Here the addition is correct. 7 + 10 + 1 = 18, although the time assigned to Hiero’s reign does not agree with the statement of Diodorus (xi. 66) that he reigned 11 years. But why does Aristotle omit Dionysius, whose tyranny lasted longer, and therefore afforded a better example? Dionysius I b.c. 405-367, Dionysius II 367-356, and again 346-344, besides the shorter reigns of Dion and others, in all about 60 years.
i.e. in any way specially applicable to that form of government.
We may observe that Aristotle criticises the Platonic number as if it had a serious meaning: yet he omits τρὶς αὐξηθείς, words which are an essential part of the calculation, after δύο ἁρμονίας παρέχεται. (See Rep. viii. 546 C.)
διά τε τον̂ χρόνου.
Sc. τί ἂν ἴδιος εἴη μεταβολὴ to be supplied from the preceding sentence. ‘And in what is any special change made by time?’ i.e. What has time alone to do with the changes of states?
With τὰ μὴ ἀρξάμενα supply τί or διὰ τί from τί ἂν εἴη above; cp. διὰ τίν’ αἰτίαν (infra § 10). ‘And why should things which do not begin together change together?’
διὰ τίν’ αἰτίαν ἐκ ταύτης εἰς τὴν Λακωνικὴν μεταβάλλει;
Aristotle unfairly criticizes Plato’s order as if it were meant to be an order in time. The same objection might be taken to his own use of the phrases μεταβάλλειν and μεταβαίνειν in Nic. Eth. viii. 10, where he talks as if states always ‘passed over’ into their opposites:—the ‘passing over’ is logical, a natural connexion of ideas, not always historical.
ἔτι δὲ τυραννίδος οὐ λέγει οὔτ’ εἰ ἔσται μεταβολή, οὔτ’ εἰ μὴ ἔσται, διὰ τίν’ αἰτίαν, καὶ εἰς ποίαν πολιτείαν.
1) *‘He never says whether tyranny is or is not liable to revolutions, and if it is, what is the cause of them and into what form it changes’—a condensed sentence in which καὶ is omitted before διὰ τίν’ εἰς ποίαν πολιτείαν, sc. ἔσται μεταβολή.
2) It is also possible and perhaps better, with Bekker in his second edition, to place a comma after the second οὔτε: οὔτ’, εἰ μὴ ἔσται, διὰ τίν’ αἰτίαν. (It will be remembered that tyranny is the last development of the Platonic cycle, and it is natural to ask ‘Why does not the cycle continue or return into itself?’) The meaning may then be paraphrased as follows: ‘He never says whether (as might be expected) tyranny, like other forms of government, experiences a change, or if not, what is the explanation of this inconsistency?’
According to Heraclides Ponticus (fr. 2 Müller) Charillus, as the name is also spelt in ii. 10. § 2, or Charilaus, as here, made himself tyrant during the absence of Lycurgus, who on his return to Sparta restored or introduced good order. The change which he then effected in the constitution of Sparta is called by Aristotle, who appears to follow the same tradition, a change from tyranny to aristocracy.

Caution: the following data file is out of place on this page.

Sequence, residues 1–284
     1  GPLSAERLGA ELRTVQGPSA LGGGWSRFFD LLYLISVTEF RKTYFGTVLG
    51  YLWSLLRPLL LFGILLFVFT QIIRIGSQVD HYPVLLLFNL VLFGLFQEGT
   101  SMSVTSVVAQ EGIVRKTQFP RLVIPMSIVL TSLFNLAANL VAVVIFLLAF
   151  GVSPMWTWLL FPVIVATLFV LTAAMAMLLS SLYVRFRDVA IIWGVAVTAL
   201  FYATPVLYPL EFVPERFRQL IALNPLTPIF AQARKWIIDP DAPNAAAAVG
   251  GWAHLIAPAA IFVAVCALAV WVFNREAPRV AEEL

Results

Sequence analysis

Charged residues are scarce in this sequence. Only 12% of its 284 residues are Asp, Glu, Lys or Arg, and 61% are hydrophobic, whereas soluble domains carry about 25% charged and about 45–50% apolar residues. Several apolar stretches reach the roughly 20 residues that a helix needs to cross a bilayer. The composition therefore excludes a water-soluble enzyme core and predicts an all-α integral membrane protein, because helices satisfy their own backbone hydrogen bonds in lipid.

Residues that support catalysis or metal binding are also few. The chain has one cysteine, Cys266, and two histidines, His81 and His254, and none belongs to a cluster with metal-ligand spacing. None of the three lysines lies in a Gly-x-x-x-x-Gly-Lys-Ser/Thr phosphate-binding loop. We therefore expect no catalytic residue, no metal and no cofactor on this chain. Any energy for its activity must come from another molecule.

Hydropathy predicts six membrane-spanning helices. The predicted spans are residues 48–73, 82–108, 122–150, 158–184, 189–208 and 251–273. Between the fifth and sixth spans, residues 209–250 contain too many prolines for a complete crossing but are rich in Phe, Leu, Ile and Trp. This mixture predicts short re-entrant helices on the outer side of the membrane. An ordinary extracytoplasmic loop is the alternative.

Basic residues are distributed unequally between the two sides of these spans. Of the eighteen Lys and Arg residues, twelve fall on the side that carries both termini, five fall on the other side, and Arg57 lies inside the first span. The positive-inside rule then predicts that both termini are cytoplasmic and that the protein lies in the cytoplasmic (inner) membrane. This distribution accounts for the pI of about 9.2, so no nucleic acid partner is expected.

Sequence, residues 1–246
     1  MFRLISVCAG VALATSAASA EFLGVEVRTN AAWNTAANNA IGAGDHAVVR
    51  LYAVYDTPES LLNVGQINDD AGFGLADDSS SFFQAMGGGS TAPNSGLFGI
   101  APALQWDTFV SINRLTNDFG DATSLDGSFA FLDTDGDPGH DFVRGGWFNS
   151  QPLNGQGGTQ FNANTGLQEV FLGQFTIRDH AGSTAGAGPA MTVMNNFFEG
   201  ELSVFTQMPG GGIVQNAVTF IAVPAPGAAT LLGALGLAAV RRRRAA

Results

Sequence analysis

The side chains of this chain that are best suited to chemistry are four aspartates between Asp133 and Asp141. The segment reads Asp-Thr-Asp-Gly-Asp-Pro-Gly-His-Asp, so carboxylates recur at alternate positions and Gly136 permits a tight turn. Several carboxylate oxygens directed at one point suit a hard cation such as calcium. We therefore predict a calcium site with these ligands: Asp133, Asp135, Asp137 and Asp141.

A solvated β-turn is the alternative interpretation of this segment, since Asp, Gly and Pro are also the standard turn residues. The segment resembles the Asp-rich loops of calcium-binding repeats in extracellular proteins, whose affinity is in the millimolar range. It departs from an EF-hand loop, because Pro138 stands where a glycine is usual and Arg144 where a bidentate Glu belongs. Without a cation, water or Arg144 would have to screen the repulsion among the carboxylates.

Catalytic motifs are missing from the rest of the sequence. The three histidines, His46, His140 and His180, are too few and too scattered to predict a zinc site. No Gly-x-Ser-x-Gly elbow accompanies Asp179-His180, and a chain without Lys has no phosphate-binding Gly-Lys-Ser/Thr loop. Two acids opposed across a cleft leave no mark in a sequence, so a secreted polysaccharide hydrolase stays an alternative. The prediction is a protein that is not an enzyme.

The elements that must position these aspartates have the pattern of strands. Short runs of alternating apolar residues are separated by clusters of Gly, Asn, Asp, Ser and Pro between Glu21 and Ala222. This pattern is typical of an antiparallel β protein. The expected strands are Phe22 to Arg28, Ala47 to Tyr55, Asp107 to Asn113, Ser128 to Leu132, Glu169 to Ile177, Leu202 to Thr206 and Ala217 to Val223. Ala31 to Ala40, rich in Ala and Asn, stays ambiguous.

Sc. τυραννὶς μετέβαλεν εἰς ἀριστοκρατίαν. Yet he says in Book ii. c. 11. § 2 — ‘that Carthage has never had a sedition worth speaking of, nor been under a tyrant,’ and a similar statement occurs in this chapter (§ 14). Cp. also vi. 5. § 9, τοιον̂τον δέ τινα τρόπον Καρχηδόνιοι πολιτευόμενοι ϕίλον κέκτηνται τὸν δη̂μον· ἀεὶ γάρ τινας ἐκπέμποντες τον̂ δήμου πρὸς τὰς περιοικίδας ποιον̂σιν εὐπόρους κ.τ.λ. To avoid this apparent contradiction St. Hilaire conjectures Χαλκηδόνι, a useless emendation of which there can be neither proof nor disproof; for we know nothing of the history of Chalcedon and not much of the history of Carthage.
It might be argued that the text as it stands may refer to a time in the history of Carthage before the establishment of the aristocratical constitution described in Bk. ii. c. 11, as he says in this very passage of Lacedaemon, § 12, that it passed from tyranny into aristocracy. But such a violent supposition is hardly to be assumed in order to save Aristotle’s consistency. In § 14 infra, he calls Carthage a democracy. In ii. 11. § 5, he talks of it as having a democratic element.
ἄτοπον δὲ καὶ τὸ ϕάναι δύο πόλεις εἰ̂ναι τὴν ὀλιγαρχικήν, πλουσίων καὶ πενήτων.
Here as elsewhere Aristotle is really objecting to a figure of speech, Plat. Rep. iv. 422 E; viii. 551 D. It may be certainly said of a state which is governed by an oligarchy, with much more truth than of a timocracy or democracy, that it consists of two cities.
Bekker inserts καὶ in his 2nd Edition—ἀσωτευόμενοι (καὶ) κατατοκιζόμενοι. The addition makes no change in the sense.
μεταβάλλουσιν οὐθὲν μα̂λλον οὐδέποτε εἰς δη̂μον ἢ εἰς ἄλλην πολιτείαν.
Yet in iii. 15. § 12, Aristotle says that oligarchies passed into tyrannies and these into democracies.